If I asked you to name a few champagne houses, what would you say? Moet, Lanson, Mumm, Pol Roger, Krug, Veuve Clicquot... Yet there are well over 2,000 champagne producers in Champagne, yet 260 champagne houses represent 70% of production and 90% of exports. You don’t need to be a mathematician to work out that the majority of producers are small family-run producers that only sell in France. Our champagne holiday tours, focus on family-run sustainable producers, as well as some of the big hitting names. But here at The Real Grape, we see that the small but mighty champagne houses are a great opportunity for champagne lovers for five reasons:
1. Try something new
Well first of it means there are lots of new brands and labels that you won’t have heard of. This is great for those that like to find new favourites and learn more about individual making methods in the different regions.
2. Get to know the producers
It is much easier to meet and spend time with smaller family-run producers. Many producers want to share their passion with visitors and are more than happy to take you through the vineyards, cellars and tell you their impressive family history (often traced back for centuries including many wars).
3. Ahead of the innovation curve
Innovation usually happens with much smaller firms that are more agile and open to change. It’s the same with champagne. Visiting smaller houses is a great way to understand what drives these producers & growers and where the latest innovations are happening. The smaller producers can test news ways of making champagne that may be too risky, expensive or not worth the bigger champagne houses trying.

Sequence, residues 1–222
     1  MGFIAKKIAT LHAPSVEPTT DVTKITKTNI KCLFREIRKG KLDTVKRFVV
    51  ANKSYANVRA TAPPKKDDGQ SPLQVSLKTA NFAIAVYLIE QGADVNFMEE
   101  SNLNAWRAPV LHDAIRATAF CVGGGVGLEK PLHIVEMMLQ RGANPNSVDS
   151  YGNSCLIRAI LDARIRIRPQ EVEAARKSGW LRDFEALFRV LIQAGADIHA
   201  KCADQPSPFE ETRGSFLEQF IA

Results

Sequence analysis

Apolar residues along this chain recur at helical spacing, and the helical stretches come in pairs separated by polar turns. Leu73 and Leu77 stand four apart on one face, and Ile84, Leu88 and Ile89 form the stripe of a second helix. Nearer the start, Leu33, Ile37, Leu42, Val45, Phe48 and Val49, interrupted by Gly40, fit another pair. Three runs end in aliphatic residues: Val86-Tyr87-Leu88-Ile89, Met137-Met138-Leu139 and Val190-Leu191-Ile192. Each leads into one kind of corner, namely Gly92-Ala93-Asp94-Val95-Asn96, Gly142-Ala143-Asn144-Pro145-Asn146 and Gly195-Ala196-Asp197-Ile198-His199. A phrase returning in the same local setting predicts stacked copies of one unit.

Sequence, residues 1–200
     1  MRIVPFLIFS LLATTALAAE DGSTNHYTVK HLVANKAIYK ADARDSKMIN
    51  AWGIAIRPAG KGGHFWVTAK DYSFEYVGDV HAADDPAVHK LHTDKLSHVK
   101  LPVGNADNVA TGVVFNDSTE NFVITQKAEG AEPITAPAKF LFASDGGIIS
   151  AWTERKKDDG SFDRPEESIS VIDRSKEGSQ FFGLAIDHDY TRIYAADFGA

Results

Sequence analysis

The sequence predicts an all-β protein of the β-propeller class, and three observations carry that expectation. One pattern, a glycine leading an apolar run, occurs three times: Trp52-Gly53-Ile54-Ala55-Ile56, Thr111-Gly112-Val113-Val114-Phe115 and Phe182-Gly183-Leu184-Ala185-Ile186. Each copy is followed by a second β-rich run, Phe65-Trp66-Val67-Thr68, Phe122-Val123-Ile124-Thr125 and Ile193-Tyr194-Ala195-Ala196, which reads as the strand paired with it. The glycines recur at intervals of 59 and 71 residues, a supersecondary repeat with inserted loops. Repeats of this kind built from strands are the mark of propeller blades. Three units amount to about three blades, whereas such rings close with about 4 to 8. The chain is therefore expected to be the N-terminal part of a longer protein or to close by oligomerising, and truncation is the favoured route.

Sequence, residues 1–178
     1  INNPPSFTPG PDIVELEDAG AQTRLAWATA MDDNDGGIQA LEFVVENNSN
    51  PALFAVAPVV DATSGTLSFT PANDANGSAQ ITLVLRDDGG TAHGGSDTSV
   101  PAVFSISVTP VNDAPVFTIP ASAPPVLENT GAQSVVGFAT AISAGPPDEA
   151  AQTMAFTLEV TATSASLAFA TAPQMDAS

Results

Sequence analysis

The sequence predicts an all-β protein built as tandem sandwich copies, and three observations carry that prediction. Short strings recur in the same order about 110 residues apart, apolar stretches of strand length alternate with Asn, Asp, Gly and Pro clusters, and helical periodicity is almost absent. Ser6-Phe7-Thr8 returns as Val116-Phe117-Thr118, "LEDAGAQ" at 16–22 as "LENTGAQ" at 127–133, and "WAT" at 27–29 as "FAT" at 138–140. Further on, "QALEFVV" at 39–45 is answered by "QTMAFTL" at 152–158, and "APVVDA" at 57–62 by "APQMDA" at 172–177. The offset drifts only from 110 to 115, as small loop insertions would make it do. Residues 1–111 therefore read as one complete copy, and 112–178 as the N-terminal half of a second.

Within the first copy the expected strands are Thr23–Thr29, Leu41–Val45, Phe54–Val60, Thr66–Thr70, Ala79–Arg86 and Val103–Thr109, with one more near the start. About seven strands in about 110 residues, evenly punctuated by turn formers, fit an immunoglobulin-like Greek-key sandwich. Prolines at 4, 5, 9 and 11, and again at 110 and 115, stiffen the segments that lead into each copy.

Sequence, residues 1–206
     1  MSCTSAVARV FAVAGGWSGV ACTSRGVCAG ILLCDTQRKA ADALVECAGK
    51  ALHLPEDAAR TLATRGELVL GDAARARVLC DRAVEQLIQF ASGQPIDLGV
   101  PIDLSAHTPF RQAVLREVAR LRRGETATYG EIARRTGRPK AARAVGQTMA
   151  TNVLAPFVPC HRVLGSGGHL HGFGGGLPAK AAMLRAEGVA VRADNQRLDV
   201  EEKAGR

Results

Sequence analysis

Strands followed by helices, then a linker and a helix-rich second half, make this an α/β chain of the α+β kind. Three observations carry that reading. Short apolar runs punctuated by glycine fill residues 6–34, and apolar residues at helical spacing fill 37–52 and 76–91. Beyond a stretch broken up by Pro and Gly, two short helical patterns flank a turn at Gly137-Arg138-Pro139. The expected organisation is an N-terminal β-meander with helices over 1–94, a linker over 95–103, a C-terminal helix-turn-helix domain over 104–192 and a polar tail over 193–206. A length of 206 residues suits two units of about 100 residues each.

4. Impress friends
You are likely to be trying brands that your friends and family have never heard of, an ideal opportunity to impress. Great for dinner party conversations, presents or just treating yourself and a friend after a hard day at work. Many are surprisingly wallet friendly too, as you are not paying for the brand name but the quality is as good as other big names on the market.
5. Support local producers
As mentioned above, the big-name brands dominate the market, and by supporting smaller producers helps them to continue the family tradition and to make the thing they love most of all – their grapes. You don’t need to pass on quality but can align with brands that have your values, be that being sustainable, family orientated or simply connecting with the producer themselves. Over the last few months we have met producers who have an infectious passion for the vines including those using organic, biodynamic and sustainable practices.
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